…you are afraid of wild safari animals attacking you in the night.

…your cabinets fall apart because they were put together with flat screws.

…you think you’ve gotten a pretty good tan until you shower and realize it was just a layer of dirt.

Ohhhhh, Ghana.

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“The Week.” Day 1: Mountains. Volta Lake. Upgraded boat tickets. Preparation.

Our journey began when the university van drove away after dropping us in a random village. Billy, our housemate, stared out the back, hands open and waving to us as it hugged the corner of the gravel road, disappearing from sight. This scene gave me chills. Adrenaline blitzed through my veins as I shared a little hop and giggle with Ruth. Two girls, off to see the world. All I needed was strapped to my back and dwelling in my heart.

We asked locals for the cheapest place to stay and were directed to Benkum Hotel, a quaint lake-side villa painted sunset peach with cerulean wooden shutters. The room screamed with simplicity. A ceiling fan turned it into a windy city, swirling hot air in circles above our heads. We spent some time at a local spot sipping Fantas with our feet submerged in the crocodile-infested water of the Volta Lake. A few hours later we strolled down the street for dinner, an unfortunately negative event.

See, some people view oburonis (white people) in a certain light- a rich, stupid-tourist type of light. (Which we aren’t any of, by the way.) The owner of the little chop shop tried to charge us nine cedis for rice and chicken with banku, a five-cedi meal, at most. And we knew it. So we managed to talk them down and cut the price in half. Nothing like bargaining for dinner.

The next day we awoke to a rush of mid-morning heat. After catching a cab to the port, we purchased our tickets for the cargo ship heading north. Then the waiting game began. As the three of us (we met up with our friend, Ben, who was traveling the same direction as us) sank into the cement floor, locals’ gazes shifted to our vicinity. Ruth and I broke a loaf of bread and a banana, much to their entertainment. I made eye contact with a woman dressed ankle-to-neck in bright, elaborate African fabric. Her thick, cheery face split into an amused grin as I bit into my bread. We shared a smile and a chuckle as I continued devouring my carbalicious meal.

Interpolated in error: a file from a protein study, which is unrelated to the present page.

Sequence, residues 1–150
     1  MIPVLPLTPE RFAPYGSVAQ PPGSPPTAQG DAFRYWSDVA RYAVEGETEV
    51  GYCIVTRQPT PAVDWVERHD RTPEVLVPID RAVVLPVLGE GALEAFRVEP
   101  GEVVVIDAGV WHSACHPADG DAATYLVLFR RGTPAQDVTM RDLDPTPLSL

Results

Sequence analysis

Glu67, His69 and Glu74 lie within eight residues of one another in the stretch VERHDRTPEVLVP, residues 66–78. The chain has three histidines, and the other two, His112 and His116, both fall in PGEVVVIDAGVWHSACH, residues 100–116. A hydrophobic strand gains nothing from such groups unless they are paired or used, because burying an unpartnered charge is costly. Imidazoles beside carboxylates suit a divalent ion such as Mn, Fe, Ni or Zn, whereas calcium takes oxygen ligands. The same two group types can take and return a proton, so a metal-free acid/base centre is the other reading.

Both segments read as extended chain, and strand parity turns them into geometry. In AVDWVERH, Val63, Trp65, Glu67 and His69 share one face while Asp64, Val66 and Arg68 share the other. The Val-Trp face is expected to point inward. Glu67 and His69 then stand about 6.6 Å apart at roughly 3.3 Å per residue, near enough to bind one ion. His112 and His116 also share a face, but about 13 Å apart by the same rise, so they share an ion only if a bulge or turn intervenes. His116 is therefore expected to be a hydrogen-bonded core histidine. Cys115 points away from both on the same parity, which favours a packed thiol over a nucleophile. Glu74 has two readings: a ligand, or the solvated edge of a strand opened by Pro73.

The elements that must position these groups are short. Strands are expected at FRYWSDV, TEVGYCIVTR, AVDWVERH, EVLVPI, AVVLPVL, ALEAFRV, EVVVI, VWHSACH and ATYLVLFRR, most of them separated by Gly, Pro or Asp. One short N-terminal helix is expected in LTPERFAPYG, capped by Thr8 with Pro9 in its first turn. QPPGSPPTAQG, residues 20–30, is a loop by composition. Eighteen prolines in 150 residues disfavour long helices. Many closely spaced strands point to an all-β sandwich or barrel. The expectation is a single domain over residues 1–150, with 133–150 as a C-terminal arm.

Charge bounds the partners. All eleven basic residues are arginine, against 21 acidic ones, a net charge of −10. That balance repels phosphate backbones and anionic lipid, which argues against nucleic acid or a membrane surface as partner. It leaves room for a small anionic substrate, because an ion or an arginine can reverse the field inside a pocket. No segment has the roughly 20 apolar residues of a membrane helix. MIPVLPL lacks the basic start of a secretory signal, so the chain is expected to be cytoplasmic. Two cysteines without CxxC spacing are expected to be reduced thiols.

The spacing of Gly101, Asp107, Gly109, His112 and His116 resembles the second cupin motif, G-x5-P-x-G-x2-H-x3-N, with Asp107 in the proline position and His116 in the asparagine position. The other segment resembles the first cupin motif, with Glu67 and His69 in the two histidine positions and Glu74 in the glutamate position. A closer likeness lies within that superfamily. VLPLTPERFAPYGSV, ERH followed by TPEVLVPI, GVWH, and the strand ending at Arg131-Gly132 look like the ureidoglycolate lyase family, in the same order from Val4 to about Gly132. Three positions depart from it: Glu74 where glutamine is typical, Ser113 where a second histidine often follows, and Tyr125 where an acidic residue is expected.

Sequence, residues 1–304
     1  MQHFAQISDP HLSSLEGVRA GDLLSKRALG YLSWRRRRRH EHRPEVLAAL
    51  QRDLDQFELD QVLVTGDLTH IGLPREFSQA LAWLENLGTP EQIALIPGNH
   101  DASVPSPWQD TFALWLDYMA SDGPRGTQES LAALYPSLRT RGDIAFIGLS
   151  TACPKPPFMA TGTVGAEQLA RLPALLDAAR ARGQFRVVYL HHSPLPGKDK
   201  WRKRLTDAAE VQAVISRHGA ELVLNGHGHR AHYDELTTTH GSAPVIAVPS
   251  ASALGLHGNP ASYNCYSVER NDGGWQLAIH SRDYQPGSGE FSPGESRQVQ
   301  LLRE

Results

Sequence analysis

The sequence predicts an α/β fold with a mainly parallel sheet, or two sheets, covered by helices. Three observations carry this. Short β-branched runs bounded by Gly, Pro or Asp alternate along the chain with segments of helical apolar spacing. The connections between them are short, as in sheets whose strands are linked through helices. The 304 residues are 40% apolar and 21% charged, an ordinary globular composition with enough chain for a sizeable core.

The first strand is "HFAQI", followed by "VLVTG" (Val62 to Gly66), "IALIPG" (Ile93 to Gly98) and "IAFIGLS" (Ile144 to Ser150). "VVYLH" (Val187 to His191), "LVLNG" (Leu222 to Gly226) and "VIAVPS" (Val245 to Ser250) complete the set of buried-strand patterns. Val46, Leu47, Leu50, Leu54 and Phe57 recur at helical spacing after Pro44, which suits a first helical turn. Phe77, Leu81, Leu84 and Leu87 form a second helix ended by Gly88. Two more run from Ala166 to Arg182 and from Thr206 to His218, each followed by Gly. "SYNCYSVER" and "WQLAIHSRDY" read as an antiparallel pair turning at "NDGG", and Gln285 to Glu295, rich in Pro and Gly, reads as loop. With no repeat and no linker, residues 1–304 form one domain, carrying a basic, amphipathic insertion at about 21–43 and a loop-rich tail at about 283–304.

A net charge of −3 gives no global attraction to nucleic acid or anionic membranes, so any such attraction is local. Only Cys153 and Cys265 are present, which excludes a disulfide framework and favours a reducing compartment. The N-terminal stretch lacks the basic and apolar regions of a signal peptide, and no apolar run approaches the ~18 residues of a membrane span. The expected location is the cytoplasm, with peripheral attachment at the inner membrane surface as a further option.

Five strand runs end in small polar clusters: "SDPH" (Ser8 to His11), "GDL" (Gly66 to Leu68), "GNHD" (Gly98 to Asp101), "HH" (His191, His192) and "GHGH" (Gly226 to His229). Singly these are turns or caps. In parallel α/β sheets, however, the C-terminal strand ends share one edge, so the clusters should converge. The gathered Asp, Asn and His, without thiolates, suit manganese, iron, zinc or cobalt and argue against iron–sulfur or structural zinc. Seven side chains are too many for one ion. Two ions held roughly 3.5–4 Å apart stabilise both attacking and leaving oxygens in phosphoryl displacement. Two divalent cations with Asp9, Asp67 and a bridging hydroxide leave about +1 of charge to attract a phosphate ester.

Several hours and a few cat naps later, Ruth and I were approached by an extremely tan, bleach-blonde-haired man, his socks pulled up to his mid-calves, complete with sunshine-yellow shoes. As I noticed his obnoxiously interesting foot-ware my eyes scanned up his outfit to his face, which was surprisingly aged. “Skipper” was his name. And he “managed” to have first class tickets, which he “managed” to get by “intercepting information,” a skill that you “manage” to get with “many years of travel and learning how to be in the right places at the right times.” The only thing he was “managing” to do at that moment was genuinely repulse me.

“You dress like a 14-year-old,” I wanted to tell him, as I’d flick off his backward cap and laugh in his wrinkled, leathery face. But instead I just smiled and nodded as I looked over to Ruth, who was knowingly staring at me with bambi-like eyes and puffed cheeks.

After a few more hours, Ruth and I began to grow restless. I wandered over to the office to ask if any cabins were left, just out of curiosity. “You are a very lucky girl,” the officer said to me as he handed me the last cabin slip. As we followed Skipper on-board he turned to us knowingly. “There is a nice little area over on your side of the boat that would probably be a nice place to sleep, just to let you know.”

Little did he know we’d be his neighbors. And for 24 glorious hours we set sail up the beauteous, peaceful Volta Lake. Our air-conditioned cabin was a God send. As the sun slipped over the dewy mountain skyline, I rested against the rusting balcony rail and drew in an abysmal breath. The scenery could have almost been mistaken for the pacific northwest. Our night was tranquil. Relaxing. And much needed relaxation before the long, hectic and frustrating journey ahead of us. Because what we were in for, we never would have guessed.

More to come. Stay tuned. 😛

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We heard about it in class one day. Our professor, Dr. Okei, was explaining to us how Ghanaians are very cautious- too afraid to take risks, for instance, hang gliding. A typical Ghanaian would never go hang gliding at the Easter festival that weekend in Nkawkaw, a village about three hours north of Accra.

All it took was a quick glance across the desk. Ruth and I locked eyes, and right then I knew it. We were going.

So two days later, there we stood at the STC station, loading on the bus headed to Nkawkaw, which happened to be running an hour late- just in time for us. Two girls. Two backpacks. A change of clothes and a can of bug spray. Some sunglasses and a pair of spirits thirsty for adventure.

Along for the night was our friend from the UK, Barima, whose family originates in Ghana. He showed up to the bus station… sans bag. That’s right- no change of clothes. No tooth-brush. No bug spray. Nothing. I still wonder what was going through that boy’s head when he decided to travel three hours outside of the city, the night’s resting place still unknown.

But after all, he came- dressed in pin-stripe dress pants, a button up blouse, topped off with a red and white silk scarf resting in a tight knot around his neck. But don’t judge a book by its cover. He was ready for anything.